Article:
An exhibit at the Natural History Museum in London is making news for its unique take on animal anatomy. Using the same plastination technique made famous in the traveling Body Worlds exhibits, designers have preserved the entire circulation systems and musculature of animals.
“It offers a glimpse into a world that is otherwise locked away,” curator Angelina Whalley told The Guardian.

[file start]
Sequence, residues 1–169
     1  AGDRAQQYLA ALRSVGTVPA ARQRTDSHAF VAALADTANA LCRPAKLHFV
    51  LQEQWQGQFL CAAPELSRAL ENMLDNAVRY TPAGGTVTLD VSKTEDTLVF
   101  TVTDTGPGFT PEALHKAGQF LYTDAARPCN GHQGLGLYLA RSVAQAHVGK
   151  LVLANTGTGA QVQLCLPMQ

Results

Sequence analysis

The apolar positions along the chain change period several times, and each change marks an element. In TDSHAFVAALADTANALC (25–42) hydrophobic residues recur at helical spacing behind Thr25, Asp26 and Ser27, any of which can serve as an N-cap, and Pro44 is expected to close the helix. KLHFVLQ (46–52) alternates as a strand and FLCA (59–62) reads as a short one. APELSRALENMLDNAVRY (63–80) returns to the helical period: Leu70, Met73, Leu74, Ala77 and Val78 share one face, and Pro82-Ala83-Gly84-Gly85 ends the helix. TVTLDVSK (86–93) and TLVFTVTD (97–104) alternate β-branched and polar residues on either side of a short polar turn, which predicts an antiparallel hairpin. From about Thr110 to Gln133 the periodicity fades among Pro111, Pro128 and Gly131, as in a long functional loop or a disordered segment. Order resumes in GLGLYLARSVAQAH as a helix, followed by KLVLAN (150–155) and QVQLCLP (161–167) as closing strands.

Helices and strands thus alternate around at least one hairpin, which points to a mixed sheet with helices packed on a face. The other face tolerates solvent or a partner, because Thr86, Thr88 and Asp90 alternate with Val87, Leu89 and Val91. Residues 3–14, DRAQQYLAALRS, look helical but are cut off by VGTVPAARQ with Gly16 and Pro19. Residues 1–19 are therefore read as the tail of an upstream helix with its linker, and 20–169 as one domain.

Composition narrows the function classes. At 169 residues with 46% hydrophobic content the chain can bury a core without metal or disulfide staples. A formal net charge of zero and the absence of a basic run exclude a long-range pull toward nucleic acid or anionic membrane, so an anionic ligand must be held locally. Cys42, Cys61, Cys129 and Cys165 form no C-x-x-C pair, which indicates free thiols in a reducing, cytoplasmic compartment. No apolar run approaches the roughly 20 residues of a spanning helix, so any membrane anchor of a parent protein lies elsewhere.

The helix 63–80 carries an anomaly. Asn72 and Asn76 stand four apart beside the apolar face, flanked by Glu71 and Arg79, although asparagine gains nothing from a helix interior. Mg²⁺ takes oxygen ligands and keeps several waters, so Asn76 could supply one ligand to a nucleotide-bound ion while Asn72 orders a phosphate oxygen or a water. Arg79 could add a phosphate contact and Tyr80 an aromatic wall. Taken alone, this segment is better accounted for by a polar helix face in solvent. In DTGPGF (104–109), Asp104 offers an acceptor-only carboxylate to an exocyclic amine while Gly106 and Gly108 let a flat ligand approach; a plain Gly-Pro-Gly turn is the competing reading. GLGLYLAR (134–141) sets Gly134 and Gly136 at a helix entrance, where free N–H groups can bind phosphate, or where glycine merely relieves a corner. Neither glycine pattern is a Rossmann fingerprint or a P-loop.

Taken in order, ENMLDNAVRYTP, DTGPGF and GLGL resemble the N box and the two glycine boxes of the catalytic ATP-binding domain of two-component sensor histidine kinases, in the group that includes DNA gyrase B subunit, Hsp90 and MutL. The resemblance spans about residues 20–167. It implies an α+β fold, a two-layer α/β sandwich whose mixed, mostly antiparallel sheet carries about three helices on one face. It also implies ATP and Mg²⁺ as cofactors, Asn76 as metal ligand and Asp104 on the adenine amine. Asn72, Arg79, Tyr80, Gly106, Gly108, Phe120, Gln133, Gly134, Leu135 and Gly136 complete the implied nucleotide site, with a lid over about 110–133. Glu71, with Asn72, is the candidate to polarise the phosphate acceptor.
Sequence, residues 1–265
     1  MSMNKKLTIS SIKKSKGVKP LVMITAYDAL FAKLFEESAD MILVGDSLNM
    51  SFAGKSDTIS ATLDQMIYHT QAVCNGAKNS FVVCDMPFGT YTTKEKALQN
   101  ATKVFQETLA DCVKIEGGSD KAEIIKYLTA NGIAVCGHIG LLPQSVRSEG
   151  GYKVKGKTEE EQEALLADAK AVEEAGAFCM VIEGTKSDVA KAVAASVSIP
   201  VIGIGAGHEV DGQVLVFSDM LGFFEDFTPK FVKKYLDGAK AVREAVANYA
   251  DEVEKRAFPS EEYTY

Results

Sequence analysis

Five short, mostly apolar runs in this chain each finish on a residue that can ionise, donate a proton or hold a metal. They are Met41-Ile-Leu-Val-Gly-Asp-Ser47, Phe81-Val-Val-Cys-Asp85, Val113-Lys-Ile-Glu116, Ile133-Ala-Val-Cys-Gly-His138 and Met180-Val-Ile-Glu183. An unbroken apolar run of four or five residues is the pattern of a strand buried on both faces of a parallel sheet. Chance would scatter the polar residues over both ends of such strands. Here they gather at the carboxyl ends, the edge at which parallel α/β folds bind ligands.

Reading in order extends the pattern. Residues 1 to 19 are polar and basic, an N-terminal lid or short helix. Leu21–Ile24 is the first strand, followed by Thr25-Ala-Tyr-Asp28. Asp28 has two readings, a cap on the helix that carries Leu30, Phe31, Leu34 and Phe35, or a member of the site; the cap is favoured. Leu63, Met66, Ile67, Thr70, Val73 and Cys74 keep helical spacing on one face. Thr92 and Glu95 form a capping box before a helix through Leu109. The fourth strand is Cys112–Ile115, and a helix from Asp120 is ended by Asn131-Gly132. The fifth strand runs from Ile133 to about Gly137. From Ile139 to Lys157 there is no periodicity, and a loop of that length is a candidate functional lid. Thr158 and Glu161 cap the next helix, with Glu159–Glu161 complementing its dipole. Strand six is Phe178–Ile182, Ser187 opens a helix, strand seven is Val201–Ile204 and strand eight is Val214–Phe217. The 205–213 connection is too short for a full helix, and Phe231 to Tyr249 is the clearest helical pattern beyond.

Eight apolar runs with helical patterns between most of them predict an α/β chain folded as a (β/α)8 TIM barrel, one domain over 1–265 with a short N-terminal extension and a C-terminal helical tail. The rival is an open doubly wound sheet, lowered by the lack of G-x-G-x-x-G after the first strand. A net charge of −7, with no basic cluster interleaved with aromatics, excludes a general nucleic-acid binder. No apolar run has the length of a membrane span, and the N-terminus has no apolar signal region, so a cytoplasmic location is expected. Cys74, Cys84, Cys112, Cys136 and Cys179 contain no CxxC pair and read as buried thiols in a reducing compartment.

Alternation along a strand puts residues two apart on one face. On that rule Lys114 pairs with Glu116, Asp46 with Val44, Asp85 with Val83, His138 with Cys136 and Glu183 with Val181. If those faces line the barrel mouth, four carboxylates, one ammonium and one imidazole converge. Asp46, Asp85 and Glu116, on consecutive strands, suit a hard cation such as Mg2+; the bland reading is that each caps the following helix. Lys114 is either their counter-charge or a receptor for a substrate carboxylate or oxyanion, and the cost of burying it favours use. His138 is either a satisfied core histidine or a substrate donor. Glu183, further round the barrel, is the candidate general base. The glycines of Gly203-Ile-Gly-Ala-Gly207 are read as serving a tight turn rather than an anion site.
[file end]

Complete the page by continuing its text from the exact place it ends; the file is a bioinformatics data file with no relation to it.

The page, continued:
Plastination was invented at Heidelberg University in 1977. Water and fatty tissue is extracted from cells and replaced with plastics. Enzymes then dissolve the non-plastinated tissue — leaving just the preserved blood vessels, muscles or organs. Animal science students have probably seen individual plastinated organs in their physiology cases, but it is rare to see entire animals preserved this way. The “Animal Inside Out” exhibit has around 100 specimens, including a bull, sheep, goat, rabbit and shark.